In 2014, I crashed down a mountain for around 1,600ft. It was really bad, and the doctors said I could forget mountaineering. My knee was destroyed. But after several operations with a specialist, I restarted training and eventually recovered. The whole experience humbled me and gave me a huge appreciation for even small mountain trips. For me, the mountains are a place to feel free.
Would you say mountaineering is a male-dominated sport?
Yes. Many women are deterred as it can be a male-driven pathway. All the training, for example, is still focused on the technical, physical part — a system made by men for men, which I think puts some women off. But things are slowly changing, and I think it’s important to follow your own path. Yes, you need courage, but if you dare to ask, you never know what you can achieve. I guess that’s why I’ve managed to get where I am today.
During your downtime, what do you love to do?
I’m all about creating a more sustainable society to tackle the problems we see in nature, and I work with an NGO on a number of small projects. Here in Switzerland, you can see glaciers retreating right in front of your eyes. It’s creating rock fall in the mountains during summer and can make climbing really dangerous. It’s frightening to see so much change in one generation, so I’m fighting to do something about it.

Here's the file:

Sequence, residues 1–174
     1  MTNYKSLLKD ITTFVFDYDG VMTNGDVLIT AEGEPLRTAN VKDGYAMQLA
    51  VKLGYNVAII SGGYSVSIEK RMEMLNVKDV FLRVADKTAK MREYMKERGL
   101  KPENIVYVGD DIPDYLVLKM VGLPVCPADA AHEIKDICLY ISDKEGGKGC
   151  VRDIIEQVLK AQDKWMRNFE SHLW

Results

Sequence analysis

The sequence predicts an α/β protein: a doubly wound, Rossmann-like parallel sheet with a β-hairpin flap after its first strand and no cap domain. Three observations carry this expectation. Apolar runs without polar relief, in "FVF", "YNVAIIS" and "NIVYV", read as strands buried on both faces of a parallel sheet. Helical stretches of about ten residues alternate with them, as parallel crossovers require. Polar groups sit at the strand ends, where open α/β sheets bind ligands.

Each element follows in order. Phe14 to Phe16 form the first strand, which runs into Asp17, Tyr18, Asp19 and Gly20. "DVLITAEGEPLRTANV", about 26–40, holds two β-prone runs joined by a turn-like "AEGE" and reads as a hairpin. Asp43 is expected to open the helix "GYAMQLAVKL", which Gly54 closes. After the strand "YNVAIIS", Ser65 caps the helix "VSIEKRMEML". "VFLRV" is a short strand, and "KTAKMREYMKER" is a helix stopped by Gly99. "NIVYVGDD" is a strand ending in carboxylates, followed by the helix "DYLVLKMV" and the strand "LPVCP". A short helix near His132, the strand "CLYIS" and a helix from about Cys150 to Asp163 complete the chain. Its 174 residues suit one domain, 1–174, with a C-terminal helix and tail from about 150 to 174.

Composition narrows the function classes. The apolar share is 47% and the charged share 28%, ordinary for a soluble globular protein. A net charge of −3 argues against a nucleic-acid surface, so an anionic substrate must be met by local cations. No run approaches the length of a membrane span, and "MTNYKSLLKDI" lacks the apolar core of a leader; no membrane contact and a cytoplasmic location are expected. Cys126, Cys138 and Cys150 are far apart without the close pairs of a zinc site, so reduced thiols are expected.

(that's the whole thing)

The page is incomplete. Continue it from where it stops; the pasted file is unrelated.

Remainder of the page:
What do you love most about Switzerland?
It has to be the quick access to the mountains. You can drink coffee and soak up the city buzz in Zurich in the morning, walk or climb in the middle of nowhere in the afternoon, and later, swim in a lake with friends and catch up over a barbecue. It astonishes me every time how easy it is to access the wilderness.
If you were to recommend one place in Switzerland, where would it be?
There are a few — it’s too hard to choose just one. First up, my hometown in Lenk. There are so many different types of rock nearby that are thrilling to climb. Then Bergell in the southeast; the climbing there’s very impressive too. The good thing about climbing in Switzerland is the facilities; there’s no need to carry tents and gear, and there are plenty of mountain cottages dotted around where you can get a hot meal and good night’s sleep.
Sum up Swiss nature in three words.
Overwhelming, diverse, calm.
SWISS is among the many airlines serving Zurich and Geneva Airport. Or, more sustainably, take the Eurostar to Paris, then connect with TGVs that race to Geneva in just over three hours. Once there, the money-saving Swiss Travel Pass lets you explore with a single ticket.
Accessing nature from Swiss cities is quick and straightforward, with efficient public transport across the country. From Zurich, for example, a short 25-minute train ride will take you to the top of 2’850ft-high Uetliberg, where views stretch out across the city. Ariane’s hometown of Lenk, meanwhile, lies at the foot of the Wildstrübel massif, a mountain straddling the Bern and Valais border and a perfect spot for hiking. Alternatively, consider basing yourself in another iconic Swiss city such as Geneva, Lausanne or Lugano, from which mountain day trips are excellent and easy to organise.
Switzerland Tourism has 230 offers and events especially geared towards women. All experiences embrace the great outdoors and range from just a few hours to several days. The 100% Women Peak Challenge will run for six months, until 8 September 2021. Click here to book your epic Switzerland mountain adventure.
To find out more, visit MySwitzerland or for more travel inspiration head to Facebook or Instagram.